Vox is the sixth book (eighth chronologically) in The Edge Chronicles. It is the second book in the Rook trilogy. It was published in 2003.
Genre: Fantasy, Middle Grade
“‘I can see you all,’ Vox murmured gleefully. ‘There is nowhere to hide…’
Dark, swirling clouds loom over the Edge. High in the crumbling Palace of the Statues, little more than a prisoner of the all-powerful guardians of the Night, Vox Verlix watches them. And plots.”
“Wind Jackal. So that was the name of this prosperous adventurer who had built himself such a fine palace in what was once one of old Undertown’s more fashionable districts. Whatever had become of him? Rook wondered.
He returned to the wall, searching for further clues. There were similar plaque-like scrolls painted beneath each of the figures. The wife and mother was Hirmina. The youths, Lucius, Centix, Murix, Pellius, Martilius, and, smallest of all, Quintinius. Beneath them all, like a ribbon flapping in the breeze, a painted scroll revealed that this was the FAMILY ORLIS VERGINIX.
It must have been so nice to be part of such a family, Rook thought, to have brothers to play with; to grow up in the busy bustle of old Undertown, free from the tyranny of goblins or Guardians. His gaze lingered on the portrait of the youngest son. There was something about the dark eyes and forthright set of the jaw that seemed oddly familiar.”
“Rook remembered seeing a picture of Vox Verlix as a cloudwatcher apprentice; young, lean, and with a glint of naked ambition in his steely gaze. The bloated drunkard he had become was unrecognizable. Rook watched him with a mixture of pity and disgust as he heaved his great weight across the floor.”
Recommended Age Range: 12+ (A few violent scenes that may be more suited to 14+)
What I Liked:
Once again, this book is simply packed with action, cunning plots, devious schemes, and scary situations. It’s a thrilling ride from beginning to end and makes the reader eager to see what will happen in the third and final (of the Rook trilogy) book.
Stewart gets rid of the two main groups of antagonists in this book quite well. As gruesome and violent as their end was, the picture that Riddell drew of their fate was both chilling and spectacular. He makes it quite clear simply by facial expressions and body language that the two groups realize how hopeless their situation is. It’s the most memorable illustration in the book, in my opinion.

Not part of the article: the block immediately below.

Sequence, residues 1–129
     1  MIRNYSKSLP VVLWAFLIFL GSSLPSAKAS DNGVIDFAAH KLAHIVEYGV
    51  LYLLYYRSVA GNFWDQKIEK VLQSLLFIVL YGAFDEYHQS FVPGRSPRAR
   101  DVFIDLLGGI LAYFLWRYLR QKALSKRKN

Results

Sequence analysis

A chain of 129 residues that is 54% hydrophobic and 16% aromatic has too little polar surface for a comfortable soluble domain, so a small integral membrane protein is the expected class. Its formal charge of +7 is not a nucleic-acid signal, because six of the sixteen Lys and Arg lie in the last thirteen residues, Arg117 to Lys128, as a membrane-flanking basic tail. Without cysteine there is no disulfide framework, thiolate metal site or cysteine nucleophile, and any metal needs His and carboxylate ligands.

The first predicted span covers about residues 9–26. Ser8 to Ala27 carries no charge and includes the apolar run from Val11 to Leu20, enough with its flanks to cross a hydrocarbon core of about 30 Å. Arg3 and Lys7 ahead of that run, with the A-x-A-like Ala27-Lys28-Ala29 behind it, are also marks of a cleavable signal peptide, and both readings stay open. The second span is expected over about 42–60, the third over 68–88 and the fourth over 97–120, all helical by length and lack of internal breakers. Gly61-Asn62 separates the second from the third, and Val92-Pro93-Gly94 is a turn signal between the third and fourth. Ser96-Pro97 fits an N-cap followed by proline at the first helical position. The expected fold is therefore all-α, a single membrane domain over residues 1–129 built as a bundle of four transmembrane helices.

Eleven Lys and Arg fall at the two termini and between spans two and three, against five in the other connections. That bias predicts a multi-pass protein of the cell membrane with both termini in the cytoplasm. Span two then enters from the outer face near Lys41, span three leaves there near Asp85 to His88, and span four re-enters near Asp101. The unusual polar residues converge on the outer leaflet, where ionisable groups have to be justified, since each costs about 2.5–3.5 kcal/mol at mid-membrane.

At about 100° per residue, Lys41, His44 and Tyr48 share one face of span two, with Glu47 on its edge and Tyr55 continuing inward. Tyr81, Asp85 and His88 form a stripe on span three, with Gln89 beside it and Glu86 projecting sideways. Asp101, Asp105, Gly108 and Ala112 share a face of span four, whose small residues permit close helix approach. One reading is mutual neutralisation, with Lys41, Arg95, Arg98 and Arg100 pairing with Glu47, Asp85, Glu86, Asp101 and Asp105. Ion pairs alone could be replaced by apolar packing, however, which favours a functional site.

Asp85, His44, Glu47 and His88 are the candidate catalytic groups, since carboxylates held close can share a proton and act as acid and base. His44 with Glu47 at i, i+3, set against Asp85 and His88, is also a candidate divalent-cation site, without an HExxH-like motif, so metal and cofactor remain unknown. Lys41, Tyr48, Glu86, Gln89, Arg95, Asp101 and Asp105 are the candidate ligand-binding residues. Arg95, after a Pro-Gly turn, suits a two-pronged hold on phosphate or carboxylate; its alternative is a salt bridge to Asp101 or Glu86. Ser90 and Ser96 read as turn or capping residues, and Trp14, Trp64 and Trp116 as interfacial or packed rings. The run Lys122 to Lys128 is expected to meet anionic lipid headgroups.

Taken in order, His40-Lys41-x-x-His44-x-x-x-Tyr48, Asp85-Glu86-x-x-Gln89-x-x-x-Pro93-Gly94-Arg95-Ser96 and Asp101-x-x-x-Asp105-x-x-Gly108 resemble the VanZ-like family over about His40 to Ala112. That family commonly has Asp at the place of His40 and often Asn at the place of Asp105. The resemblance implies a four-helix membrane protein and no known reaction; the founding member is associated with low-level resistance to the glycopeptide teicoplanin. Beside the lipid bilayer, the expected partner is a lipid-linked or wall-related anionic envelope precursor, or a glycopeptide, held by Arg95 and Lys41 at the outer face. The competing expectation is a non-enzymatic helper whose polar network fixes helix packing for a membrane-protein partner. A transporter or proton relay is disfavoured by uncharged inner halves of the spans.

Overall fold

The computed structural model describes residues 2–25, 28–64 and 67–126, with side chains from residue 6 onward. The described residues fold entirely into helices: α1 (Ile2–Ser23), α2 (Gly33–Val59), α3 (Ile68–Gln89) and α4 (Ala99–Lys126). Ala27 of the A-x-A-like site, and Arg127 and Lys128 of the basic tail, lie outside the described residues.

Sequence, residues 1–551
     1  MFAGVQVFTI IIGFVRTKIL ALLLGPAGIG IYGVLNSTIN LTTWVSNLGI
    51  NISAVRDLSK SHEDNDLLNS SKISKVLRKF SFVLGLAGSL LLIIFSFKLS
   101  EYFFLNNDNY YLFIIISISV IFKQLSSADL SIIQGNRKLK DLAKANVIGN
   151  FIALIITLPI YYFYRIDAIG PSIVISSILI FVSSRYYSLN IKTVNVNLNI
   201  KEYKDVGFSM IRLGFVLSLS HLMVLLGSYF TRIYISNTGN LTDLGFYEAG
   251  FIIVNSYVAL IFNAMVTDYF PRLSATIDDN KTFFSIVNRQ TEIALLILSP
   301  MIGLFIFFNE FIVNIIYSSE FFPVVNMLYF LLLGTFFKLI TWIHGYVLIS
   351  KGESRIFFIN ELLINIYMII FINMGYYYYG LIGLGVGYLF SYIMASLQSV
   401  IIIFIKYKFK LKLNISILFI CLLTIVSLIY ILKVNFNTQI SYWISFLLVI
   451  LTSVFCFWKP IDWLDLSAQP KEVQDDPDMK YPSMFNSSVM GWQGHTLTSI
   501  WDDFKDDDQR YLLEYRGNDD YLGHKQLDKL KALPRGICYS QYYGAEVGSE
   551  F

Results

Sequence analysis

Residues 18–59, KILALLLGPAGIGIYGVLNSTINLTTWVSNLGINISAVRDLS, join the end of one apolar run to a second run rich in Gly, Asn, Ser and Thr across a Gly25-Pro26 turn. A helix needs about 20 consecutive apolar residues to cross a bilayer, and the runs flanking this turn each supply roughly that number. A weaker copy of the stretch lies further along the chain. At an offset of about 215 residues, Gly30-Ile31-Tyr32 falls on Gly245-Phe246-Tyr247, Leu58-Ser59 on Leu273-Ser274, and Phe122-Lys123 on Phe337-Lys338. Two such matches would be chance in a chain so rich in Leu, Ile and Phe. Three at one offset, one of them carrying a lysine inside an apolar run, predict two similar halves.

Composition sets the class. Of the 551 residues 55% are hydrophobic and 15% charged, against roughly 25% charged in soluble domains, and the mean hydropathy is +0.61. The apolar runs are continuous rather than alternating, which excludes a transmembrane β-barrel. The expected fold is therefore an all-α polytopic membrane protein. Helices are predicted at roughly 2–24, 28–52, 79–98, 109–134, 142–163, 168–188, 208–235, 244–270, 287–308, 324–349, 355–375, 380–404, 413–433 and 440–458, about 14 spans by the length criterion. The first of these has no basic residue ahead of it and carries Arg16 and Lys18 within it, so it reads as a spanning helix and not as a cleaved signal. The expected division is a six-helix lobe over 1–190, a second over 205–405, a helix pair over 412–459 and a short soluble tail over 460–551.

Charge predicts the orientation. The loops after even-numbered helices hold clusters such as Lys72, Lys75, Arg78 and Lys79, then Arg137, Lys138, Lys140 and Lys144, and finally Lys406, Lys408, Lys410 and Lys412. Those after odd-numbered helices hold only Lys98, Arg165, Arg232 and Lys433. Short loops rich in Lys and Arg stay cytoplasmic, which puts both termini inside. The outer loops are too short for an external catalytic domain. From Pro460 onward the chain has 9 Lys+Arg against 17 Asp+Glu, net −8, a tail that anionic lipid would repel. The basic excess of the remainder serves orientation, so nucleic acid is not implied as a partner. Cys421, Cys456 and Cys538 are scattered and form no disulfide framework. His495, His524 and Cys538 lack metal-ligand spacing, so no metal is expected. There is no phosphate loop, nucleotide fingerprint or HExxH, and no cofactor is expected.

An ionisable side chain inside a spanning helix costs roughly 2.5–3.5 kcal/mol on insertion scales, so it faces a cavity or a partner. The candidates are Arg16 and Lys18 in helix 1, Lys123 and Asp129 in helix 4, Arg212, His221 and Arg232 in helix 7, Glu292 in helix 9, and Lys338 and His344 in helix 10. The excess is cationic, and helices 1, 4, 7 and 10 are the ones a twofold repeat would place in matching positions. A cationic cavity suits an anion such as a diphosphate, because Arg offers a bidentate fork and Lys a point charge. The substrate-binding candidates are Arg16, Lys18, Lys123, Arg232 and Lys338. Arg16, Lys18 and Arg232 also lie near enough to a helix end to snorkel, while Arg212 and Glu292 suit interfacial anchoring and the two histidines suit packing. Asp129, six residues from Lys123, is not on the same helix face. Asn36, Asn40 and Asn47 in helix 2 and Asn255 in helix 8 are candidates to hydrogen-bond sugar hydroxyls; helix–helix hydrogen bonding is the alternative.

There’s quite a bit of foreshadowing in this book for the next one, something a reader might not notice if they haven’t read the series before. As I mentioned in my review of The Last of the Sky Pirates, this is what makes the Rook trilogy superior to the other two, in addition to the fact that it’s faster-paced (although there are still two Quint books to go, so I might change my mind).
The characters are still very well-developed, with the exception of the villains, unfortunately. Vox is perhaps the most nuanced, but even he is a bit flat.
What I Didn’t Like:
Vox Verlix: Evil mastermind or puppet? The book is entitled Vox, but Vox’s rule in this book is surprisingly disappointing. He’s a genius, sure, but I don’t know if I would call him a villain or even a character worth naming the book after. There is that one scary threat, but the way it’s carried out and eventually made reality isn’t even due to Vox (and that’s all I will say on that).
The one thing I’ve noticed about the Rook trilogy is that, unfortunately, all three books do tend to drag a bit in the middle. It’s worse in Sky Pirates, but it can get a bit slow in this book.
Vox continues the fast-paced action that was seen in The Last of the Sky Pirates, which bodes well for the last book in the trilogy. While lacking a bit in places, it is still a worthwhile read and one of the best in the series.
Coming Up Next: Freeglader